Directed by LEE Seung-jun
Starring SEOL Kyung-gu, MOON So-ri, Daniel Henney, LA Mi-ran, GO Chang-seok, HAN Ye-ri
Release Date September 5
Following a difficult production cycle that saw it switch directors during filming in an overseas territory, the big-budget action comedy The Spy: Undercover Operation has made it to screens just in time for Chuseok, the biggest holiday in South Korea. Featuring impressive location photography, big stars and a blend of popular genre tropes, CJ Entertainment’s big screen spectacle is hoping to capitalize on the holiday season with a story that is high on the action quotient but also focuses on the modern Korean family, during a time when most Koreans return to their homestead.
The Spy: Undercover Operation
began as a project called Mister K
that was helmed by Nowhere to Hide
(1999) and Duelist
(2005) cineaste LEE Myung-se. However, a difference of opinions saw the filmmaker exit the project in the midst of location production in Thailand. Production house JK Film was fortunate enough to be able to swiftly find a replacement in the form of LEE Seung-jun, an assistant director on Haeundae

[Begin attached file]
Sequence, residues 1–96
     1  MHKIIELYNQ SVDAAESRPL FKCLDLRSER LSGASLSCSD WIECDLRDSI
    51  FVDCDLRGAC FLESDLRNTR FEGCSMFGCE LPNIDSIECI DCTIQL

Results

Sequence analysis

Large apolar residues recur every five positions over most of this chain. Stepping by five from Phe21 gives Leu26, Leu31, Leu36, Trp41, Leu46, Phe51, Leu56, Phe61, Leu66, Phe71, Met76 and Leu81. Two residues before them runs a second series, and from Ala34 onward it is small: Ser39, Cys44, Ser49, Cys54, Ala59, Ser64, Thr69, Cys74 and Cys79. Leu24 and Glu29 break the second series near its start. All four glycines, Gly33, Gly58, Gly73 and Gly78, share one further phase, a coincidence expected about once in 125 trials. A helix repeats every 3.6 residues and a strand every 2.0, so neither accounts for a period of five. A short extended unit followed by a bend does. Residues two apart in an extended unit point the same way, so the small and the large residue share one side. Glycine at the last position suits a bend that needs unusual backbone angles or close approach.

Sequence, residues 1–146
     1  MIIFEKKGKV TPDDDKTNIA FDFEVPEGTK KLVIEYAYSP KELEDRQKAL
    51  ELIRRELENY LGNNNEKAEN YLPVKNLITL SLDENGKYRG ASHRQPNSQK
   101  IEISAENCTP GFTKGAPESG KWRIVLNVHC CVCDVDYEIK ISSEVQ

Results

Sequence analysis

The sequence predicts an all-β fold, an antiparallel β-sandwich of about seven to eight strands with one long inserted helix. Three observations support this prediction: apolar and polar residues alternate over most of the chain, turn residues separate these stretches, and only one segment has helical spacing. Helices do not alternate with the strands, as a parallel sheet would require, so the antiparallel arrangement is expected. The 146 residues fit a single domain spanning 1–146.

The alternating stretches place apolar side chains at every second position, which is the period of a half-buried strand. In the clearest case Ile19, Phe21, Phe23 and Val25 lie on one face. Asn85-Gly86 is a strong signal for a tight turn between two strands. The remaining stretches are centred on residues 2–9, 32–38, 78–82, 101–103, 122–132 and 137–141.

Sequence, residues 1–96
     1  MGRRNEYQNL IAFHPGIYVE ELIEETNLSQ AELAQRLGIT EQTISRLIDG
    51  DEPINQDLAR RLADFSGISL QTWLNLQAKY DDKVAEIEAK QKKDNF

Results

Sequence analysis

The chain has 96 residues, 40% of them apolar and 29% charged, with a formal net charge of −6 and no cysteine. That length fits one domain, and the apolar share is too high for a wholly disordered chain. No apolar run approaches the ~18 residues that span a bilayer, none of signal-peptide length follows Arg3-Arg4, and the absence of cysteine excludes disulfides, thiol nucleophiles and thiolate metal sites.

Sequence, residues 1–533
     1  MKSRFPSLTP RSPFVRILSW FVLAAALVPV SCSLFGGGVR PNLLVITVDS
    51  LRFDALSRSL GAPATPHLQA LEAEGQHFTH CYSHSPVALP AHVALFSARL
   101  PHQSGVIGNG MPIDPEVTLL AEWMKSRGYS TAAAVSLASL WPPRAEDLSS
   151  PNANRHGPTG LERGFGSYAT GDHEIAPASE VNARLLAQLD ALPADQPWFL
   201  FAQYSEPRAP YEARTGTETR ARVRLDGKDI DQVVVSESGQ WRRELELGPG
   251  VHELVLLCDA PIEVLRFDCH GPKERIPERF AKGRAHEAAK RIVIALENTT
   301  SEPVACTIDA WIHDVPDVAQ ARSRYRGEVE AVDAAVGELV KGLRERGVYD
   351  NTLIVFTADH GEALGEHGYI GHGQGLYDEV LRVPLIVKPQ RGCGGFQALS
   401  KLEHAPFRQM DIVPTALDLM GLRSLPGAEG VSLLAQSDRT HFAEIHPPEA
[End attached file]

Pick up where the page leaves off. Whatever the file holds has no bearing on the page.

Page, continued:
(2009) and Quick
(2011) who was both familiar with the project, as he was involved with its pre-production, and also ready to make the jump to the director’s chair as he was getting ready to make his debut with another project.
Chul-soo (SEOL Kyung-gu) is Korea’s top secret agent and when a plot is revealed that threatens the entire country, he goes to Thailand. His flight attendant wife Young-hee (MOON So-ri), who doesn’t know his true identity, thinks he’s going to Busan. However, work also brings her to Bangkok and there she meets the dashing Ryan (Daniel Henney). Unbeknownst to Young-hee, Chul-soo has his eye on her but also on Ryan, who seems to be harboring another agenda.
Though it takes place in a theater of international espionage intrigue, The Spy: Undercover Operation is designed to be a very relatable experience for Korean viewers. A busy middle-aged couple seeking to conceive their first child is a very familiar concept for local viewers. The work environment of the Korean espionage agency is also something that will strike a chord with spectators. Nevertheless, these local elements are blended with high-grade thriller and action elements and operate at a global level, bolstered by the international flavor afforded by the location shooting in Thailand and the presence of foreign cast members and Korean-American star Daniel Henney.
By Pierce Conran